Jan 15, 2015

I Believe I Belong

Michael Mullooly argues for the importance of self-belief and perseverance, especially in "non-traditional" pursuits

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Michael Mullooly | Contributing Writer

It takes a fair amount of confidence in one’s writing to join a student newspaper. They are often full of obscenely talented writers and aspiring journalists who know and can wax eloquently about politics and all manner of current affairs. I, on the other hand, enjoy video games and watching repeats of sitcoms on E4. If I’m feeling particularly intelligent I might instead watch an episode of Frasier, but that’s about as highbrow as I get. If I had to write an essay on the current state of affairs in Irish politics, I’d wave my hand vaguely and scribble something about how the country’s fallen apart since the recession. Any other information I’d have to steal from Ross O’Carroll-Kelly books.

Believing in one’s talents is essential, not only to a person’s confidence, but also their future prospects.

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And yet I firmly believe I belong here and am capable of writing pieces worthy of sharing the page with my fellow journalists. I don’t write articles and then weep bitterly at how terrible they are. I haven’t run a blog for over two years as a masochistic ploy designed to humiliate myself. I genuinely believe I have writing talent, which I work hard to refine and improve on a daily basis. I’ve spent a long time developing my style, because quite frankly I love writing. I love watching the word count steadily rise up. I love choosing a new chillstep mix to listen to while I clack away. Most of all I love the elation, the sheer adrenaline buzz that flows through me when I finish an article, or essay, or poem. You wouldn’t be reading this if I didn’t love writing it.

Believing in one’s talents (not to be confused with being egotistic, a distinction Irish people can be terrible at making) is essential, not only to a person’s confidence, but also their future prospects. Writers need to genuinely believe their opinions are worth other people’s time. It takes a healthy ego to reach third level education still holding onto the goal of becoming a successful author. Usually such dreams, regarded by many as childish and impractical, begin to dissolve somewhere between the Junior and Leaving Certificate. They’re buried under pressure to conform and aim for a more acceptable career, under budget sheets and igneous rock diagrams and, saddest of all, clinical, soulless English exams. A career as an author, as a dancer, fire breathing juggler, would all require years of thankless hard work for very little return, they tell us. How exactly, I ask, is that path any different from the indefinite unpaid internships that are becoming the norm in more respectable career paths such as business and law?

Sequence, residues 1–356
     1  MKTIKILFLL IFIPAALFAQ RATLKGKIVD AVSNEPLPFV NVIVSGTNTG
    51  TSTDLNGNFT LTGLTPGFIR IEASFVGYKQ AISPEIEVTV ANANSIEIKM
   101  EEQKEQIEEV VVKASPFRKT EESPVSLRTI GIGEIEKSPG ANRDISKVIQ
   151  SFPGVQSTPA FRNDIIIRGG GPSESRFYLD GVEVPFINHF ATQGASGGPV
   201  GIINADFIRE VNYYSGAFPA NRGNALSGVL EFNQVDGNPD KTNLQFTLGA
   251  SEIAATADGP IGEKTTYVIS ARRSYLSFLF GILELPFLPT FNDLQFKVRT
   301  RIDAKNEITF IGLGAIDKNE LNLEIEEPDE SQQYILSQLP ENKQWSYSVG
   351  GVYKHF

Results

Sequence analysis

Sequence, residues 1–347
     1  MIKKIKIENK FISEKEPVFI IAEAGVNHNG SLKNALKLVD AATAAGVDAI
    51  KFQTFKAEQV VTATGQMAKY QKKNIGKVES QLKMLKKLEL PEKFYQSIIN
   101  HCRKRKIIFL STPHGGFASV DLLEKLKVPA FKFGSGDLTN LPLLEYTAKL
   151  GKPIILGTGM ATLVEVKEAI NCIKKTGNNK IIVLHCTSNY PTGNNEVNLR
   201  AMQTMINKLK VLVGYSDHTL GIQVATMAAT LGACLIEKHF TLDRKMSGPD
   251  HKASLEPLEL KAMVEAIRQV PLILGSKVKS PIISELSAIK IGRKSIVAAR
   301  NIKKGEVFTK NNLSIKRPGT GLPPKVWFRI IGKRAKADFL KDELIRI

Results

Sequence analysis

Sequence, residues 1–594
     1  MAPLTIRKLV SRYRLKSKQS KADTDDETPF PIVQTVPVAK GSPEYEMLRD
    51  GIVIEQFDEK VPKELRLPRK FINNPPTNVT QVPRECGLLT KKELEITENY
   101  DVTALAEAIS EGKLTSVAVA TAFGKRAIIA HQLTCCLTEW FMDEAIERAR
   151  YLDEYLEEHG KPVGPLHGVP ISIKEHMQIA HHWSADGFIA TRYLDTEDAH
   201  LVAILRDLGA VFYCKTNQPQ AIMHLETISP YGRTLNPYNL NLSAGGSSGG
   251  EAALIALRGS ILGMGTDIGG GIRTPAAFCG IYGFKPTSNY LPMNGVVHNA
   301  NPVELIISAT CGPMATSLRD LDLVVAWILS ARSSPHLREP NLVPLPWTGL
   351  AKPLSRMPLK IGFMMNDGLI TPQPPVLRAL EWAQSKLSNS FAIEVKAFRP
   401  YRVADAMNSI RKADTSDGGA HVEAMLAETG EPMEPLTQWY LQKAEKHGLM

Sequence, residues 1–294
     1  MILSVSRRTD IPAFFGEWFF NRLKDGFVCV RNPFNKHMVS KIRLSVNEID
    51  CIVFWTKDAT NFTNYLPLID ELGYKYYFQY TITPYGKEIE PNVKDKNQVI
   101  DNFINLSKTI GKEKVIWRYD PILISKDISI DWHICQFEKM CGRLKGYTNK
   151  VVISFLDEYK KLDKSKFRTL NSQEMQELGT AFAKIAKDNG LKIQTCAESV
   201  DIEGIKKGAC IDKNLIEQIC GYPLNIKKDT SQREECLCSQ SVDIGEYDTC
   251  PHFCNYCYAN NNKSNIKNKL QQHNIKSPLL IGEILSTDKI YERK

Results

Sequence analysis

We live in a disparaging society where we aren’t encouraged to flex our unique strengths and are instead pushed down “safe” career paths.

I emerged from secondary school still convinced becoming a successful writer is the career path for me, and that I have the devotion and skill required to earn pennies for my thoughts. Do these feelings and aspirations make me a big- headed egomaniac, or an idiot, or both? I don’t think so. At the end of the day believing in myself and my writing talent is, in my opinion, so much better than rocking in the corner in the foetal position lamenting all the things I suck at, which is pretty much everything else. I never did complete those budget sheets.

At the end of the day, students are just slightly older, hairier teenagers, and many struggle daily with confidence issues. We live in a disparaging society where we aren’t encouraged to flex our unique strengths and are instead pushed down “safe” career paths. I urge everyone to believe in themselves, to nurture their talents and work hard at improving them. Whether your ability lies in the field of chemistry or out on the footgolf course, keep urging yourself onwards and doing what you love. A little self- belief, when coupled with hard graft, can go a very long way.


Illustration by Andrew Gable 

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